Chapter "3: Droids" is comprised of eight topics and two essays. "Wheels or Legs?" assesses the relationships of body shape, coordination, and locomotion; while "I, Droid" delves into subjects including neural networks, rule-based versus case-based systems of intelligence, and memory wipes. Other sections, such as "Do You Hear What I Hear" assesses the concept of speaking with intelligence, will, understanding, and emotions, as well as pronunciation and accents; and "Do Droids Dream of Electric Sheep?" explicates the role of the brain in decision making and personality development. In addition, "I'm Okay, You're an Overweight Glob of Grease" reflects assessments of neurochemistry, emotions, instinct, logic, and holography; and "I Whine, Therefore I Am" concerns conveying emotions -- with Furbys and Tamagotchi entering into this discussion. "The Six-Million Dollar Sith" enters the world of prosthetic limbs, amputations, industrial accidents, airway-lung damage in burn cases, and voice augmentation devices (like the one used by the actor Christopher Reeve). An entire section reveals "Why Han and Threepio Will Never be Friends." Age, sex, culture, education, and situations that affect learning and emotion are some of the factors considered. Cavelos also raises an interesting but unresolved proposition (p. 108): "can and should we create a robot that feels pride, fear, frustration, and affection?" A world inhabited by C-3POs...? Or R2-D2s? A very useful discussion about Verbmobile software left this reviewer wanting references or citations to pertinent literature. One delightful essay considers the efficacy of "All-Terrain Armored Transports" (ATATs). This is a very fine essay but there is much more on robotics that might be incorporated into the discussion.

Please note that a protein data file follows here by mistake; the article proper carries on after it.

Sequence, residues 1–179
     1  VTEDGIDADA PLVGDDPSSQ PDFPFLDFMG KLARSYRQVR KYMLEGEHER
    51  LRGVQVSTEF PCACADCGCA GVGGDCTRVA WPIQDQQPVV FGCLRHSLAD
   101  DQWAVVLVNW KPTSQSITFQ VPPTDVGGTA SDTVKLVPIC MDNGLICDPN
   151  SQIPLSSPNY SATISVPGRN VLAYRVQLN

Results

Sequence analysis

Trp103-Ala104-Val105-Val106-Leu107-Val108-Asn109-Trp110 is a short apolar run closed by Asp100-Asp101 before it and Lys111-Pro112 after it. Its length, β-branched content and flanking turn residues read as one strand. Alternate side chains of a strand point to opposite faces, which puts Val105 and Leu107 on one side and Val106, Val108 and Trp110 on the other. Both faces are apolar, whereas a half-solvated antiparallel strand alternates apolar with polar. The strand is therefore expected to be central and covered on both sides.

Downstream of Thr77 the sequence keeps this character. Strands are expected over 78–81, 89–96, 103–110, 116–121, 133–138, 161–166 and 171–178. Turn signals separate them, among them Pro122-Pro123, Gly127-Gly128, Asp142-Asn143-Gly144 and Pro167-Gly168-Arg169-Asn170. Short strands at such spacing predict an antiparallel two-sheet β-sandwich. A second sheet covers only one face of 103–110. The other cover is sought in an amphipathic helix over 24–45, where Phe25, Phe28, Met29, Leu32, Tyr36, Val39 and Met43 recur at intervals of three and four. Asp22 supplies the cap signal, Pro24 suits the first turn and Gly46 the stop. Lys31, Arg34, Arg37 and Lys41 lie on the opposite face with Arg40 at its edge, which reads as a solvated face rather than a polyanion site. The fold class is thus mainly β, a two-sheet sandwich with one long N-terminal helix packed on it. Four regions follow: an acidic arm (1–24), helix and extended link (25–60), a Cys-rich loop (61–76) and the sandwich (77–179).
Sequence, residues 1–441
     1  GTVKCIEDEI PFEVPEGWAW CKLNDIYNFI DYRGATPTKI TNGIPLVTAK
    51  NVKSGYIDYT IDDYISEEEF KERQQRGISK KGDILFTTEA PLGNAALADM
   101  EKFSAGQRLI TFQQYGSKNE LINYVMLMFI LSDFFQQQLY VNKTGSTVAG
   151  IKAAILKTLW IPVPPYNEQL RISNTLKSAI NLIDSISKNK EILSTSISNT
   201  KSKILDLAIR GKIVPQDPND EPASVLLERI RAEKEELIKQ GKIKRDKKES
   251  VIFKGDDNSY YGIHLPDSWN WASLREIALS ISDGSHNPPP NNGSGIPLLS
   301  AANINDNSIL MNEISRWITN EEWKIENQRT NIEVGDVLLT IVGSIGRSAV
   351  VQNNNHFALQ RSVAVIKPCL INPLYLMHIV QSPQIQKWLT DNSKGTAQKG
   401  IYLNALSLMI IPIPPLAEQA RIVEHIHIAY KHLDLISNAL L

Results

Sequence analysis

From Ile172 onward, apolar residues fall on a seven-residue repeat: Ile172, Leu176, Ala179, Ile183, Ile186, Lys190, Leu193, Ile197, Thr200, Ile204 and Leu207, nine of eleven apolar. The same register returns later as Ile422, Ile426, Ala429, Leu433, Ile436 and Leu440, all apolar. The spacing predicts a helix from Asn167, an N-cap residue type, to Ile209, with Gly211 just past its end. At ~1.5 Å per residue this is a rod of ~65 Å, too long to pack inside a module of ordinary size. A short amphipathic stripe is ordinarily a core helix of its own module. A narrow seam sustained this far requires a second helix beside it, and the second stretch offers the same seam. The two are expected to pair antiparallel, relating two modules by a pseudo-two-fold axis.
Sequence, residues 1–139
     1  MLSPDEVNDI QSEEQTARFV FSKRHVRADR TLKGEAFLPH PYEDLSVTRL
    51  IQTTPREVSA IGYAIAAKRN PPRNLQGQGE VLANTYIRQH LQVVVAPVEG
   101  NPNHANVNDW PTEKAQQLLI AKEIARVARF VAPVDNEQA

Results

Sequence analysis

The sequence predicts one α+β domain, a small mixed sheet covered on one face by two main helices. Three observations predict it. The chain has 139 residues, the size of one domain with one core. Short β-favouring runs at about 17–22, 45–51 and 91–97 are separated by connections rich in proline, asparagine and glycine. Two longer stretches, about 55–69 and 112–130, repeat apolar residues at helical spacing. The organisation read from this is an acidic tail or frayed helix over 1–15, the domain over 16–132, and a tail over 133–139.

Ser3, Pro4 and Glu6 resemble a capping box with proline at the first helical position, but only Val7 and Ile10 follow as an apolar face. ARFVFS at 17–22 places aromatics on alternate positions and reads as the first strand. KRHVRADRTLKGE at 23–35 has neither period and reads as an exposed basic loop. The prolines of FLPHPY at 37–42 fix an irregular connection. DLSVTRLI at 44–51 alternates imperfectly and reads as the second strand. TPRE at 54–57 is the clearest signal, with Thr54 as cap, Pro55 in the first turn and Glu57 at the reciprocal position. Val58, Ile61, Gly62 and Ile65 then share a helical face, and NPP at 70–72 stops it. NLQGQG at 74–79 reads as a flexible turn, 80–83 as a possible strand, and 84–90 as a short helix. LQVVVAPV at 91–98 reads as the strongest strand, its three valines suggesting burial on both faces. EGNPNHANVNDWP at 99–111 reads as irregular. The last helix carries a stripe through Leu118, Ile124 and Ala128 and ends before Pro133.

In "Chapter 4: Spaceships and Weapons," with ten topics and three essays, Cavelos moves to another area of future technology. The velocity of light, the laws and principles of Newton and Einstein, fuels requirements (chemical fuels vs. nuclear fusion), matter and antimatter, hyperspace and wormholes (the latter suggested initially by Einstein) are topics elaborated in sections entitled "When 'Faster than A Speeding Bullet' Just Isn't Fast Enough" and "When You Came in Here, Didn't You have a Plan for Getting Out?" Citing Marc Millis, Cavelos (p. 142) likens a black hole to falling down a well where there is a definite bottom, while a wormhole, although transient, is more like a tunnel - these are very appropriate analogies. However, there is no mention the wormhole on Star Trek: Deep Space 9 or of the ability to "fold space" as Third Stage Guild Navigators are able to do in guiding spacecraft from planet to planet in Frank Herbert's Dune. "Getting Something for Nothing" concerns concepts from quantum physics, inertia, and gravity; "The Music of the Spheres" reviews superstring theory (pp. 155-158), a new view of particle theory, and a multidimensional universe (ten dimensions); "Which Way is Up?" and "Which Way is Down?" reveal principles about gravity, artificial gravity, and antigravity craft (such as Jabba's Sail Barge). Cavelos offers at least six explanations in the section titled "Han's Boast" (e.g., the error that he "made the Kessell Run in less than 12 parsecs") - parsecs are measurement of distance, in this instance, 228 billion miles -which is like saying "I ran the 100 yard dash in 100 yards." "When in Doubt, Blast!" and "Lightning Bolt on a Stick" assess weaponry, laser technology, the inability to focus six laser beams (too bad then for the efficacy of the Death Star's weapon), lasers that stun (Leia as an example early in Episode IV), the probability and improbability of plasma weapons, and the inability to control light saber beam length. Current laser efficiencies (1 to30 percent) and heat dissipation are also discussed. There are some interesting parallels to a book by physicist Lawrence M. Krauss, The Physics of Star Trek (New York: Basic, 1995), but Cavelos has a unique and informative writing style.